Slovenia. I knew little about this small, young country beyond its geographical importance during WWI and subsequent service as Hemingway’s canvas in A Farewell to Arms. Ever since the breakup of Yugoslavia and Slovenia’s formation as an independent state, I have wanted to visit. Indeed, anyone who has ever been raves about its natural beauty. So earlier this summer during a work trip to Germany, I decided I would bring my bike along and head to Slovenia after the trade show was finished.
I had no concrete plans, other than to loosely follow the Slovenia route on Bikepacking.com that heads up into the Julian Alps. After catching a cheap EasyJet flight from Berlin to Ljubljana, I found a local cafe and set about researching all the places I wanted to visit. Similar to my Eurovelo trip through Germany, my plan was to use Ride with GPS each night to map out my route for the next day, and then figure out accommodation depending on where I would end up. I had six days to explore before my return flight to Berlin, with one day reserved for cruising around Ljubljana and prepping the bike.
But the first order of business was to actually fix my bike. EasyJet baggage handlers did a number on my trusty adventure partner, severely bending the rear derailleur hanger and one of the rotors. Thankfully through the help of some local cyclists, I found Veb Company a few miles outside of the city center. They kept my bike for the afternoon and returned it to me as good as new. All for the price of €7. When I seemed a bit surprised at the low price, one of the mechanics replied, “Welcome to Eastern Europe.”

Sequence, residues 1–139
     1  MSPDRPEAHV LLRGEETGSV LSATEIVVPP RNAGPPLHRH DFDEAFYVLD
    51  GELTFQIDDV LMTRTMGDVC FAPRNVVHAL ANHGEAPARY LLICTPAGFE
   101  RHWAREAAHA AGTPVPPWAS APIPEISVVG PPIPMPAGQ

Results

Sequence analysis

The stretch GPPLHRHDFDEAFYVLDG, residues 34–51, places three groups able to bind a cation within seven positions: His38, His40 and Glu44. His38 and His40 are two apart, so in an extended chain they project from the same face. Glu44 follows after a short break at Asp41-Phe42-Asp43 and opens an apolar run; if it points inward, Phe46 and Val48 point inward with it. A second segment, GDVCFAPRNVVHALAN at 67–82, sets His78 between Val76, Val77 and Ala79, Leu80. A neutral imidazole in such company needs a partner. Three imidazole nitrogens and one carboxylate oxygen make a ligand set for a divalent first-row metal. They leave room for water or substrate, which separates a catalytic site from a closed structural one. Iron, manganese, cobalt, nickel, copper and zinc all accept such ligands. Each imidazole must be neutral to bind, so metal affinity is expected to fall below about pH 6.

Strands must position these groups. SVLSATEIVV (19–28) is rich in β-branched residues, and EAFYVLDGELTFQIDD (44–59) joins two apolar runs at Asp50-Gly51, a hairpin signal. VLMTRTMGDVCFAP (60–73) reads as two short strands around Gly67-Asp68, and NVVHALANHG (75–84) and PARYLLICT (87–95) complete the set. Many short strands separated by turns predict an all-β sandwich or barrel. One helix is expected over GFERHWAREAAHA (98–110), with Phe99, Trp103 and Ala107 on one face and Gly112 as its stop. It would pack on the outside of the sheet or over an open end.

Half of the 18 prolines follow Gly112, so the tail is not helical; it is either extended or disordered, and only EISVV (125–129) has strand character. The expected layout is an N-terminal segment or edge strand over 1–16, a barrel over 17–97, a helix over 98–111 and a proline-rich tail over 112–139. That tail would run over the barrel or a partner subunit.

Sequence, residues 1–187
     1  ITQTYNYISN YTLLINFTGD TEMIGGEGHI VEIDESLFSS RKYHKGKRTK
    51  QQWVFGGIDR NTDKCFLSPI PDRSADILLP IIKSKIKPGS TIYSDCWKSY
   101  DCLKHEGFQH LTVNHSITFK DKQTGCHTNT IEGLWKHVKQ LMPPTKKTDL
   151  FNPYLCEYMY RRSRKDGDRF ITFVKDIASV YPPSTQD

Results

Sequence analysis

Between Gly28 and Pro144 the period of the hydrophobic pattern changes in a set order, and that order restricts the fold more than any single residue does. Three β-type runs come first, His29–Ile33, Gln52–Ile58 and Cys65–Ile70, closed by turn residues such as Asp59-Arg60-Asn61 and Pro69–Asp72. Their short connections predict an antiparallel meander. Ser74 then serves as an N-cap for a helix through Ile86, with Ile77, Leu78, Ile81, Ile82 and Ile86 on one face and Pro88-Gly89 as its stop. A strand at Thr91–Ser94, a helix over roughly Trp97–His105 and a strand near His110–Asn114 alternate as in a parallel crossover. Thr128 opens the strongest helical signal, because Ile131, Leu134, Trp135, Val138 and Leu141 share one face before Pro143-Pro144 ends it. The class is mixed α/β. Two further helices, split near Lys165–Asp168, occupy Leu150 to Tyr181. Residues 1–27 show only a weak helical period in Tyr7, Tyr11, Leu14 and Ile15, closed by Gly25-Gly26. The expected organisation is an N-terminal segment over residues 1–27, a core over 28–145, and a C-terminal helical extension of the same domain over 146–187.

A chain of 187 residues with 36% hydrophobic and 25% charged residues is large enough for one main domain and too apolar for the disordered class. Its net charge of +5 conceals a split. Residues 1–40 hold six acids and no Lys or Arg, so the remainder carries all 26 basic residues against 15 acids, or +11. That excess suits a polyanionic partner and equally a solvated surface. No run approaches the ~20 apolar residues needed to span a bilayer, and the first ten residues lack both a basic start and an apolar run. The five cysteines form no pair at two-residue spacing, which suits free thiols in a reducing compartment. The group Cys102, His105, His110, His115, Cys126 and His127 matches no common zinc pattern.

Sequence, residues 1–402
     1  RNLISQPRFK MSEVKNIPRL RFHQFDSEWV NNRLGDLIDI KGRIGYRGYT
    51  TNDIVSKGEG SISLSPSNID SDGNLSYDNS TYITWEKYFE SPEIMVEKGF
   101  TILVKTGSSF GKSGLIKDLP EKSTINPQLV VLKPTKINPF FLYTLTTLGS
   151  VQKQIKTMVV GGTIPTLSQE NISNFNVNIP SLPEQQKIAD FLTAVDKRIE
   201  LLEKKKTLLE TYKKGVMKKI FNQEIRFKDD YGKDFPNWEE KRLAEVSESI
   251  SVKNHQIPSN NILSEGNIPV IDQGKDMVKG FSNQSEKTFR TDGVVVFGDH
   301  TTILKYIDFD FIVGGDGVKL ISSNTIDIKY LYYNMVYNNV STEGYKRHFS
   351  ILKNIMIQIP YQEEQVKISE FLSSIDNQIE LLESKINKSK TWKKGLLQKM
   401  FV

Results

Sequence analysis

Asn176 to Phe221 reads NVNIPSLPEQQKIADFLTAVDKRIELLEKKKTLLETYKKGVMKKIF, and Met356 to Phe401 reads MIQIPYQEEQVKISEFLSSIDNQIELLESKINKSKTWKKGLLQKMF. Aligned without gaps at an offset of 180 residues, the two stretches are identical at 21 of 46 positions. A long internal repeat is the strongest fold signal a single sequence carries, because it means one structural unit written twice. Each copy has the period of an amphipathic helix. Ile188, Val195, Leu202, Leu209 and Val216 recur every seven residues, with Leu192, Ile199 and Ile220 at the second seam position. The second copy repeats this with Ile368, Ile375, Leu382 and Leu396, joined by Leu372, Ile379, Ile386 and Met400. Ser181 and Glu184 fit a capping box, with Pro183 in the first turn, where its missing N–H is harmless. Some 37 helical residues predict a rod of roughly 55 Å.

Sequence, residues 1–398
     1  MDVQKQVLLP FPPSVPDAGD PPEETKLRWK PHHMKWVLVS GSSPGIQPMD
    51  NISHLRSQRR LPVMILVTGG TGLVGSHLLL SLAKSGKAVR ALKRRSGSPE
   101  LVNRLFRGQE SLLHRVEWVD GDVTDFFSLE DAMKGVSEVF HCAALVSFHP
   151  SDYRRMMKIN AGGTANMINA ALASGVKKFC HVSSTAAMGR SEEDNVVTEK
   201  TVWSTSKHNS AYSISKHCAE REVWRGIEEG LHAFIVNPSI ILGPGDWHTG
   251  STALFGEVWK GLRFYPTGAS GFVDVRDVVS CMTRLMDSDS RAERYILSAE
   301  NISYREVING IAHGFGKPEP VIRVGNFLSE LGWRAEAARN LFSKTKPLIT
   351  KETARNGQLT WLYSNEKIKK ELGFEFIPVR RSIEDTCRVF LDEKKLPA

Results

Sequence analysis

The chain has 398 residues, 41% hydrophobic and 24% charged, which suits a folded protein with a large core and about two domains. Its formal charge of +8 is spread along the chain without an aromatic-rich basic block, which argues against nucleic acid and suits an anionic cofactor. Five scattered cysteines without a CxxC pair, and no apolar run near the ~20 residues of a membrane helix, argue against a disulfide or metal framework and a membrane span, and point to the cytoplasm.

While bike repairs might be extremely affordable, I found everything else to be somewhat expensive, especially accommodation. That may have something to do with my visit during the high summer season. And while there are more than enough opportunities to camp in order to cut down on costs, I didn’t want to drag my full camping setup along on a work trip to Europe.
Slovenia is an extremely easy country to bike around as a solo female, not only because it’s one of the safest countries in the world, but also because pretty much everyone speaks English. The EU-funded roads are in great shape, and you can choose from a bunch of bike paths, small back roads, trails, and endless gravel roads for riding. And did I mention the scenery is perpetually stunning?